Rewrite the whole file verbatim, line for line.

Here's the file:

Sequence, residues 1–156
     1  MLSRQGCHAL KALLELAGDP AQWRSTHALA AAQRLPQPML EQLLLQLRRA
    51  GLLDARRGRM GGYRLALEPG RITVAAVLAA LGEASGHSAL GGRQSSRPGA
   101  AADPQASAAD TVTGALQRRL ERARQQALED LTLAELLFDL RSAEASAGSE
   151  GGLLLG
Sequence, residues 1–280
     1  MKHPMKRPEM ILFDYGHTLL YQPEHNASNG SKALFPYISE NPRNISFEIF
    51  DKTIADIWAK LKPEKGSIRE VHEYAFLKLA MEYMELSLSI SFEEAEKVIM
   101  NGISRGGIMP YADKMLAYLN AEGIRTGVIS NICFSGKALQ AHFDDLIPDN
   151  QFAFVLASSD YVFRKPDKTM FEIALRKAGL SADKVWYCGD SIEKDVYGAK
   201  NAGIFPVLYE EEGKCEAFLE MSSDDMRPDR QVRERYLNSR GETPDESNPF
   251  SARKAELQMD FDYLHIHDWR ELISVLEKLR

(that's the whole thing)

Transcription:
Sequence, residues 1–156
     1  MLSRQGCHAL KALLELAGDP AQWRSTHALA AAQRLPQPML EQLLLQLRRA
    51  GLLDARRGRM GGYRLALEPG RITVAAVLAA LGEASGHSAL GGRQSSRPGA
   101  AADPQASAAD TVTGALQRRL ERARQQALED LTLAELLFDL RSAEASAGSE
   151  GGLLLG
Sequence, residues 1–280
     1  MKHPMKRPEM ILFDYGHTLL YQPEHNASNG SKALFPYISE NPRNISFEIF
    51  DKTIADIWAK LKPEKGSIRE VHEYAFLKLA MEYMELSLSI SFEEAEKVIM
   101  NGISRGGIMP YADKMLAYLN AEGIRTGVIS NICFSGKALQ AHFDDLIPDN
   151  QFAFVLASSD YVFRKPDKTM FEIALRKAGL SADKVWYCGD SIEKDVYGAK
   201  NAGIFPVLYE EEGKCEAFLE MSSDDMRPDR QVRERYLNSR GETPDESNPF
   251  SARKAELQMD FDYLHIHDWR ELISVLEKLR